Locked out? KeyMe quickly delivers copies of your keys

Credit: KeyMe

It happens to everyone: you’re coming home one evening from work and you're searching through your pockets for your house key and you can’t find it. So what do you do? If you live in New York City, you just fire up the KeyMe app on your iPhone, which keeps a digital copy of your key and will deliver a new physical copy to you within one hour.

Of course, you have to think ahead to use the service. You download an app (which, unfortunately, is only available on iOS) or go to a KeyMe kiosk. Using either, you take a photo of your key, which becomes a digital file stored in the cloud. When you get locked out, you tap a button on the KeyMe app and a locksmith creates a new key, which is hand-delivered to you by a real person.

You can also visit a KeyMe kiosk, where a robot locksmith will create a new key for you while you’re waiting. Hand-delivery costs anywhere from $20 for delivery within three hours to $59 for delivery within an hour. Kiosk copies will only run you around $20. Considering that hiring a locksmith generally costs much more and involves a longer waiting time, that’s a real bargain and time-saver.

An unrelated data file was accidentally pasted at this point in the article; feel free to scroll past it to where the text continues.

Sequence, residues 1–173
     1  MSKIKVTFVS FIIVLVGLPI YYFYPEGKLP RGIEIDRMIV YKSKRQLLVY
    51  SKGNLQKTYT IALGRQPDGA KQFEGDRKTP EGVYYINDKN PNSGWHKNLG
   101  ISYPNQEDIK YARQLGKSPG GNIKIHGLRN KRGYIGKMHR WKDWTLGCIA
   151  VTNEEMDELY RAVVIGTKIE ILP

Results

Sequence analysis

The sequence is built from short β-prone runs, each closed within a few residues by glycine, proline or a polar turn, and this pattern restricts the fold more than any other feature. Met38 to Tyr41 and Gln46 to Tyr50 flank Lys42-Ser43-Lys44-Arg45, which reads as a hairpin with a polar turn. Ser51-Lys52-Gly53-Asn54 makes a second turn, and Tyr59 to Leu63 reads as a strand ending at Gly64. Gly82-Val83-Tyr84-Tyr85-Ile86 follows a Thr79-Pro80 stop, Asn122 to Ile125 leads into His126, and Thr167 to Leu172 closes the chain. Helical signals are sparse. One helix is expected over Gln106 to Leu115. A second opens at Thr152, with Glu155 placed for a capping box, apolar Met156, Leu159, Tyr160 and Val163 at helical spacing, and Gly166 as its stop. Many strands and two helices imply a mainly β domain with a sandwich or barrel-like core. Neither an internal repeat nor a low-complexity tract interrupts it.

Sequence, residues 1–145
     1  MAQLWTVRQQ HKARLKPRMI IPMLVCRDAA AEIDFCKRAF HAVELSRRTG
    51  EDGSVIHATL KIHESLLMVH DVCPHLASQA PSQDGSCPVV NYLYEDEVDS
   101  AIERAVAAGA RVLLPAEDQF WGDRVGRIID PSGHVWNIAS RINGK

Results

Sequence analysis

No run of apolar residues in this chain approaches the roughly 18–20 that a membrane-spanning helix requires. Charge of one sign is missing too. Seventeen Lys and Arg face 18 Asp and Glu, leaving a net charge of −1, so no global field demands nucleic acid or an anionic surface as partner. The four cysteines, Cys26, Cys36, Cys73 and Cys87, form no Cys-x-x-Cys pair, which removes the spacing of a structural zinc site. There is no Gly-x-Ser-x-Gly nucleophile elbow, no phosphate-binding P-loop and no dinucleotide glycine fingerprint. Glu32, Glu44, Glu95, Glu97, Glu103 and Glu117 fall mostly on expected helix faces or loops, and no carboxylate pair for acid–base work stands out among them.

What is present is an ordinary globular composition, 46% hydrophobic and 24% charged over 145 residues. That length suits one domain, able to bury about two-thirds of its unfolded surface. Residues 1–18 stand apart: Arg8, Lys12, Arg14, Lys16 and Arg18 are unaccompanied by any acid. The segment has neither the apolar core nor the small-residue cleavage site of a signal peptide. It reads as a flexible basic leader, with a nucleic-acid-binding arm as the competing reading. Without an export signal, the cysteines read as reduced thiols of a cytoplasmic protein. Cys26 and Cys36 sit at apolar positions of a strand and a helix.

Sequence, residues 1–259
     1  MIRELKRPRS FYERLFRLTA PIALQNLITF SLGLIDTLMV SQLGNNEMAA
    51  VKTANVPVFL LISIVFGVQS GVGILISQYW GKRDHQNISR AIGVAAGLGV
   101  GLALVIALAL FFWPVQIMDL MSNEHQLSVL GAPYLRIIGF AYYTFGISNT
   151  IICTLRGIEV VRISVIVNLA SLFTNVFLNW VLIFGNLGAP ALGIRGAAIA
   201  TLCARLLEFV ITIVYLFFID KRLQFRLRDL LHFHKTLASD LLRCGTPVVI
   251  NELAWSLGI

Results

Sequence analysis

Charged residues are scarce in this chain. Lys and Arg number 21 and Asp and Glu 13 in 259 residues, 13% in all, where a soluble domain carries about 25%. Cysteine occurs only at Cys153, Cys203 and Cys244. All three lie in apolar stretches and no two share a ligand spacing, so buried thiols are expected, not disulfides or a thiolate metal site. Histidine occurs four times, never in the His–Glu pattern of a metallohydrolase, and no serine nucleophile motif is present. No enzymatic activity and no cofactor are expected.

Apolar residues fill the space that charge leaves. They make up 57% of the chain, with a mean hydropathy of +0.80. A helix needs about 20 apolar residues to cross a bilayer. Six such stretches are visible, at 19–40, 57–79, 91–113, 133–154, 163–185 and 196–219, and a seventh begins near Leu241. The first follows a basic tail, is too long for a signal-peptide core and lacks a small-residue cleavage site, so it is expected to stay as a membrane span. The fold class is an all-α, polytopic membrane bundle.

Hand-delivery services run Monday through Saturday in Manhattan from 10 am to 9 pm. However, kiosks are readily available throughout the city. KeyMe hopes to expand into other cities and markets in the U.S. soon.

What’s amazing about KeyMe is the ability to create a key from something as simple as a photo. And with more people using the service, the algorithms used to make the process even better are improving. Recognizing a key shape from a photo is no simple matter, though, and as KeyMe becomes more popular, expect some botched results. However, in case of complete key failure, KeyMe will offer a full refund, a free set of keys (presumably measured and cut by a human locksmith) and a gift card for Amazon.

KeyMe will definitely be a handy service to have around, at least until we’re all using touchscreen locks or unlocking our doors with our iPhones.

Via PopSci

 

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